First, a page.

Shane Victorino wants one thing clear --€“ he does not want to be a distraction or cause a problem for the Cubs in any way. All he wants is a chance to extend his 13-year career.

Cubs manager Joe Maddon told reporters on Thursday that Victorino would not be on the team's Opening Day roster. The Cubs want him to continue rehabilitating his left calf at their spring-training facility in Mesa, Ariz., then report to Triple A, major-league sources confirmed.

Victorino, 35, told FOX Sports on Thursday night that he is mulling his options. If he chooses to stay with the Cubs, the team likely would release him to avoid paying him a $100,000 retention bonus, then re-sign him to another minor-league deal.

"We're in the beginning stages of trying to recreate a scenario to focus on getting Shane healthy," said Victorino's agent, John Boggs.

Victorino has appeared in only 101 games the past two seasons --€“ he underwent back surgery in Aug. 2014 and suffered calf and hamstring injuries in '15. However, he was excited about his improved health during the offseason, and expected to resume switch-hitting for the first time since Aug. 2013.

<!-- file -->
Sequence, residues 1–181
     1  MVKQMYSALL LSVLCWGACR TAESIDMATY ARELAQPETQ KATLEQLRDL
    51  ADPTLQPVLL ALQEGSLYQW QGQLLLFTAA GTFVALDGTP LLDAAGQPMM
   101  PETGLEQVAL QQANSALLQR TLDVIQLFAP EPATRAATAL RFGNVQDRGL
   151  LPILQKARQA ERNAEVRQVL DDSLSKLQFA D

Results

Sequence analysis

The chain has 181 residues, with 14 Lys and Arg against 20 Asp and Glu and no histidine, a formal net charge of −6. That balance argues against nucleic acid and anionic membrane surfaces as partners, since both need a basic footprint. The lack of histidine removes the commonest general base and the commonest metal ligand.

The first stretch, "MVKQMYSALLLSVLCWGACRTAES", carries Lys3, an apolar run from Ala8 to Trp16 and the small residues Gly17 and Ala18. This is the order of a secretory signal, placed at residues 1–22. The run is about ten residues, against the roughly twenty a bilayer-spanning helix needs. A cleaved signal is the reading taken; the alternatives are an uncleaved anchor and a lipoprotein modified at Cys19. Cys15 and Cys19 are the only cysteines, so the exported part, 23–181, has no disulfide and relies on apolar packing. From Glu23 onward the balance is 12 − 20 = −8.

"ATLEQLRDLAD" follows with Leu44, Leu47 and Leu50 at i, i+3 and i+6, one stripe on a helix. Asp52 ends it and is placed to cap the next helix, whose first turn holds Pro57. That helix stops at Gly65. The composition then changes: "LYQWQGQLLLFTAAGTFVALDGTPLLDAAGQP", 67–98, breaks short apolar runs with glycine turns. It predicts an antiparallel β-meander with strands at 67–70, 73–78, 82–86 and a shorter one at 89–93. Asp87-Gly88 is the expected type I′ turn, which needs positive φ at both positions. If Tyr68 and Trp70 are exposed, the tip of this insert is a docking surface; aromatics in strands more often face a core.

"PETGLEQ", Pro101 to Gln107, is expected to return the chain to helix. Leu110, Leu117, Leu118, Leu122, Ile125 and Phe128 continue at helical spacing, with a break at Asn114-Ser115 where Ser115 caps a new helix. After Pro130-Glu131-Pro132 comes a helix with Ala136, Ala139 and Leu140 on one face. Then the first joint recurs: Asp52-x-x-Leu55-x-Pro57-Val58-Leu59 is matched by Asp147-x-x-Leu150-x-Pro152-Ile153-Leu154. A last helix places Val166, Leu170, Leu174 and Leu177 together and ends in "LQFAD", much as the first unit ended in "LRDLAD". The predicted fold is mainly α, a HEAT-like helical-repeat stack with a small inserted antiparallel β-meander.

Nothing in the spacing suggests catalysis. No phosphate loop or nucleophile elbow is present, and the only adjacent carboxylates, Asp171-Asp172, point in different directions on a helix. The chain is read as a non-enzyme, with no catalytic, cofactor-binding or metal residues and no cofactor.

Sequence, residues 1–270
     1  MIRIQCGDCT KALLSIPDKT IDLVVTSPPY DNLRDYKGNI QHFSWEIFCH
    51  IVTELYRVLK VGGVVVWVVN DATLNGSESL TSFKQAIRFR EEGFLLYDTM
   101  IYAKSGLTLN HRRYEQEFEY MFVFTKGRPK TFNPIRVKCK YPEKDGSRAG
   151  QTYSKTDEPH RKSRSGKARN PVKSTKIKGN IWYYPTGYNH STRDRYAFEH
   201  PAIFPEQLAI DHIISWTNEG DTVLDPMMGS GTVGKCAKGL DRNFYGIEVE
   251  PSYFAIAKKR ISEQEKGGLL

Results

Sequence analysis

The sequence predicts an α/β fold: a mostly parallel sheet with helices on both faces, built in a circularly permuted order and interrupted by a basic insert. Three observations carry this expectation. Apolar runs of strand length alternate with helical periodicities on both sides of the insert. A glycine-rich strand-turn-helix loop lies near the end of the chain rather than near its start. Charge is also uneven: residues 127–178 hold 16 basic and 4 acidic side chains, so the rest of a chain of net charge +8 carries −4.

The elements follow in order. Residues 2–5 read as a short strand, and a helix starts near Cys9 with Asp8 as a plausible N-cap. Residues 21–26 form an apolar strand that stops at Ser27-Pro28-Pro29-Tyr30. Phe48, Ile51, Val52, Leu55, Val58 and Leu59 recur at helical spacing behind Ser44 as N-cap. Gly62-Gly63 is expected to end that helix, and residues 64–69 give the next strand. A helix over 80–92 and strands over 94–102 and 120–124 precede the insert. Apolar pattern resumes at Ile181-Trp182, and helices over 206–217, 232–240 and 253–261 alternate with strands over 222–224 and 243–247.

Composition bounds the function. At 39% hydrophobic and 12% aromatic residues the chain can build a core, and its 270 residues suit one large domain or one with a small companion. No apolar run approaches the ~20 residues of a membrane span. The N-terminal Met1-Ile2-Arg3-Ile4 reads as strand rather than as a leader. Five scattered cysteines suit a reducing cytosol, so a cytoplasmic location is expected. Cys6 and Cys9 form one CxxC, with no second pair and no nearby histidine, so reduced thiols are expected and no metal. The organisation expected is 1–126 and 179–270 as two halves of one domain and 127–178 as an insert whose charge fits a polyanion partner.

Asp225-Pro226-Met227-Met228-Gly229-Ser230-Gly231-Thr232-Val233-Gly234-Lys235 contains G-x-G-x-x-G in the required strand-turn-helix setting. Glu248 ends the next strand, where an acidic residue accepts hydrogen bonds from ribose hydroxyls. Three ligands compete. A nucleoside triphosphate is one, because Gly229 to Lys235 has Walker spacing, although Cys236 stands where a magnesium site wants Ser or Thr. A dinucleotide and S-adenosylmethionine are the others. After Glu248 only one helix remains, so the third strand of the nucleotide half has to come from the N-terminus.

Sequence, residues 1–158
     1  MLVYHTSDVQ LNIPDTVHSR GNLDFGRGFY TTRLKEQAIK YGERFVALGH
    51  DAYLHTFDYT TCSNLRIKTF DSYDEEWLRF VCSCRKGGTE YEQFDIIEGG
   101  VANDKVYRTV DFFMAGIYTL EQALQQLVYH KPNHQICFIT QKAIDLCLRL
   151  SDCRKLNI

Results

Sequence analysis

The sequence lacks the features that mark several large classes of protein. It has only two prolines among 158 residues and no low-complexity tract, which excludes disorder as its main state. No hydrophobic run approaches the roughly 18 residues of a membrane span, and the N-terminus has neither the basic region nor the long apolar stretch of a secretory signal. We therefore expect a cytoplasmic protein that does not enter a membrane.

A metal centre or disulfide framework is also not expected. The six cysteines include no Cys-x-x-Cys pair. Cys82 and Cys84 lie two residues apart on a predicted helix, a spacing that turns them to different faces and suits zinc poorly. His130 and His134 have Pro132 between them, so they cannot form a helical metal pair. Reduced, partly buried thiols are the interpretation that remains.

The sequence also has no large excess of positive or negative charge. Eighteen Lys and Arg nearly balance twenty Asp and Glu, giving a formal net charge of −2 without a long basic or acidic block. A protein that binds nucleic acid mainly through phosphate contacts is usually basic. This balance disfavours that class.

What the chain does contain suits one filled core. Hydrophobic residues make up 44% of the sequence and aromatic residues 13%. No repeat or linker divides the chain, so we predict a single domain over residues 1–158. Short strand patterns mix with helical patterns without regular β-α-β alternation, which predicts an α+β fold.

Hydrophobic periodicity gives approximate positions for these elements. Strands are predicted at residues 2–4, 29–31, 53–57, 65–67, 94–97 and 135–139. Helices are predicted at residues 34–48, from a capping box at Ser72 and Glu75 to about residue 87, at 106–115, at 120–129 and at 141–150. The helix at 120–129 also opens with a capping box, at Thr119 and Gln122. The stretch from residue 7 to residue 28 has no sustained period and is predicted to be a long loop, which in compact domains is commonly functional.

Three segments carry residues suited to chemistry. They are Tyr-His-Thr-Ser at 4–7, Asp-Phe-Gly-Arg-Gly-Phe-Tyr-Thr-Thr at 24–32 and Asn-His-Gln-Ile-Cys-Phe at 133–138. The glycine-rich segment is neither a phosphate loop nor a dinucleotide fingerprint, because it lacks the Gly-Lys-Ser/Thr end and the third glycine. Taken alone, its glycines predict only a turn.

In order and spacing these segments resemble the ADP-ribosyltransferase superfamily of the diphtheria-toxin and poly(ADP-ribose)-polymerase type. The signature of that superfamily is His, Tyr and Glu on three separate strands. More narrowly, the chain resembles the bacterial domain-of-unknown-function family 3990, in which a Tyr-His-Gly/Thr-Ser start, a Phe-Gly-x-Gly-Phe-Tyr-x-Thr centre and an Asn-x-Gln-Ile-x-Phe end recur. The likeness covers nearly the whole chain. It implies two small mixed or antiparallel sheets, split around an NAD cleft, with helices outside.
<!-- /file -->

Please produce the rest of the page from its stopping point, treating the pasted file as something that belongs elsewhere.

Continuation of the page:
The calf injury disrupted his plans; Victorino has made only 10 plate appearances this spring. The Cubs want him to go through the equivalent of a full spring training at Triple A, sources said. They then would to need to create a spot on their 40-man roster to add him to their major-league club.

"I just still want to play the game I love," Victorino said. "We all want to do that forever, but this time I really felt like I had made a turn for the better this offseason, going back to switch-hitting.

"I want to be nothing but a plus and not be a hassle or take any attention from the big club. Before I prove it to anyone else, I need to prove to myself that I am the player everyone thinks I am. I am my hardest critic, so if I feel like I am done, no one would need to make that decision for me."

Victorino spent last season with the Red Sox and Angels, batting .230 with a .601 OPS. His career numbers are far more impressive --€“ a .275 batting average, .765 OPS and 231 stolen bases in 277 attempts (83 percent).

"I respect tremendously what they have created here and the talent they have in that locker room," Victorino said of the Cubs. "All I want is for my experience to help in any way. But there is nothing to discuss if I am not healthy."